Kelly Willis is a medical transcription business owner in Peoria, Arizona.
My dad—my hero—was a formidable man. Near the end of his life, however, a rare and aggressive form of cancer robbed him of his strength. He could have wasted away in a hospital, his body weakening as the terminal illness took his life day by day. Instead, he was able to use the Washington Death with Dignity Act to die on his own terms, with dignity and control.
A Jack of All Trades
Before he was diagnosed, my father was a vibrant and energetic jack of all trades. He grew up very poor and was the first in his family to graduate from college. The work ethic and tenacity he developed as a young man served him well in the workforce (he was a dentist by trade) and in every passion he pursued.
You name it, he could do it. He raised chickens, kept a huge garden, and converted his garage into a workshop, where he taught himself to make everything under the sun. He became a master metalsmith and woodworker. He was always creating something new.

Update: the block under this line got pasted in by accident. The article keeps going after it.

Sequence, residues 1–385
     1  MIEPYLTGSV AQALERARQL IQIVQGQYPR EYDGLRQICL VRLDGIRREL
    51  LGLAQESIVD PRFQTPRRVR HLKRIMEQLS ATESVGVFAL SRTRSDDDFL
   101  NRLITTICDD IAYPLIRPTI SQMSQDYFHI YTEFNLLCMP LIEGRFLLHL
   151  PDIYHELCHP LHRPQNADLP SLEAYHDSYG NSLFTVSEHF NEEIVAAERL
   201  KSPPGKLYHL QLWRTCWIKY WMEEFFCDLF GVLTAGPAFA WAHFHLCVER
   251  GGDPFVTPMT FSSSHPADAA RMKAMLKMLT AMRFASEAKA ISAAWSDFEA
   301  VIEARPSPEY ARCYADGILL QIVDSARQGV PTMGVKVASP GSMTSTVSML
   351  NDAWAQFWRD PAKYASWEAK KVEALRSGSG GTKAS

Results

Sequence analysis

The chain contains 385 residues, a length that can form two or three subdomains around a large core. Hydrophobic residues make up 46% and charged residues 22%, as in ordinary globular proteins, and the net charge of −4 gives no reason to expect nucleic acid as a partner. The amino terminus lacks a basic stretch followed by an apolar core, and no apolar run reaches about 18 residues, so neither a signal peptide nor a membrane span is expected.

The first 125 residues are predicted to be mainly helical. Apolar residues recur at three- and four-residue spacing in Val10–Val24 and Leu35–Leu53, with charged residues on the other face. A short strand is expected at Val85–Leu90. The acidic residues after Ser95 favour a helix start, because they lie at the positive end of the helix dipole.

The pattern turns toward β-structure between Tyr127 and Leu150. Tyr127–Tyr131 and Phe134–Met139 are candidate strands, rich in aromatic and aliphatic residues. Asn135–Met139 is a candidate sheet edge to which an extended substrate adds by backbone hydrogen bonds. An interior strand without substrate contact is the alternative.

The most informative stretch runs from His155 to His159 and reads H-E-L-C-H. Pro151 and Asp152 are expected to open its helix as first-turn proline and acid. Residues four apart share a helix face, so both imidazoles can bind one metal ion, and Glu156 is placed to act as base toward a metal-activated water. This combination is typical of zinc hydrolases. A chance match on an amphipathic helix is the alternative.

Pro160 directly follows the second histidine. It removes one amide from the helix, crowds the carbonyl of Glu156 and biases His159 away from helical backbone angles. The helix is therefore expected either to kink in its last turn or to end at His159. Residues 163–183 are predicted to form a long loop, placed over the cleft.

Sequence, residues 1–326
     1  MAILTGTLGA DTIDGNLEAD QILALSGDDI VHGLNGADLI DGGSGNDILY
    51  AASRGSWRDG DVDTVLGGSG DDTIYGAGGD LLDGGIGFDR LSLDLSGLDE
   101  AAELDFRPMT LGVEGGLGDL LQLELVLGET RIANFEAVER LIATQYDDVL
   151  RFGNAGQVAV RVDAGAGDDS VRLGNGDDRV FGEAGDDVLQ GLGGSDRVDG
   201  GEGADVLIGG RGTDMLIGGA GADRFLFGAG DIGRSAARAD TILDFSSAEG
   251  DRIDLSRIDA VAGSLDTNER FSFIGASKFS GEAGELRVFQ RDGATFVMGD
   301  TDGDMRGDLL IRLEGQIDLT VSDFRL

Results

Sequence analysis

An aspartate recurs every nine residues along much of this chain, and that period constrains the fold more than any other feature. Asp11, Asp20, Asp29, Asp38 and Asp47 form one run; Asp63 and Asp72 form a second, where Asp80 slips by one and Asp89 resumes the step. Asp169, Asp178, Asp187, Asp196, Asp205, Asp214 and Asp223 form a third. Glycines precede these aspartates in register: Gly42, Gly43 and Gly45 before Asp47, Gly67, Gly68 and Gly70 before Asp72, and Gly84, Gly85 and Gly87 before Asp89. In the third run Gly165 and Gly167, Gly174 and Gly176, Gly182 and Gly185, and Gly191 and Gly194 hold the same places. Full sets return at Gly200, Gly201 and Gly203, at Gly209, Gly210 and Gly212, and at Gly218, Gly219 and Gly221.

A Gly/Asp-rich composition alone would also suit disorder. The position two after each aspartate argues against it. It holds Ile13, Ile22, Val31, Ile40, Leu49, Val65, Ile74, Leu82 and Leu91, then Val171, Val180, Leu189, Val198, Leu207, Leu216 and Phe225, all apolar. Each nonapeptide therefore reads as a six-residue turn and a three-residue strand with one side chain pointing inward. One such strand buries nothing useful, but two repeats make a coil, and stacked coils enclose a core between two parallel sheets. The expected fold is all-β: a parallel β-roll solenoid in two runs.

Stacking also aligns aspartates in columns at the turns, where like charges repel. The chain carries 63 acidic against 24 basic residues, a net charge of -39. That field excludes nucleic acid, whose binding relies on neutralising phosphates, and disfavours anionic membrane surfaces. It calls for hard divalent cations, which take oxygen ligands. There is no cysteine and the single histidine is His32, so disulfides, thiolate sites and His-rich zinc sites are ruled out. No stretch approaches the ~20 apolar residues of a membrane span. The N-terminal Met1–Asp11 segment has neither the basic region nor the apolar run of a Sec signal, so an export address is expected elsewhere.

My mom knew he was dying when he stopped making bread.
A Grim Diagnosis
It was July 2016. My parents, who in their retirement split their time between Seattle and Phoenix, were in Washington state when my mom noticed he had yellow in his eyes. My father was a stubborn German man; he never took care of his own health, so it was up to my mom to convince him to go to the doctor.
The diagnosis was grim: cholangiocarcinoma, or bile duct cancer. It is extremely difficult to treat. My parents were able to find a surgeon at the University of Washington who was willing to operate on my father to remove the cancer. My father decided he was willing to go through with the procedure.
His recovery from surgery was so horrible. He was so weak.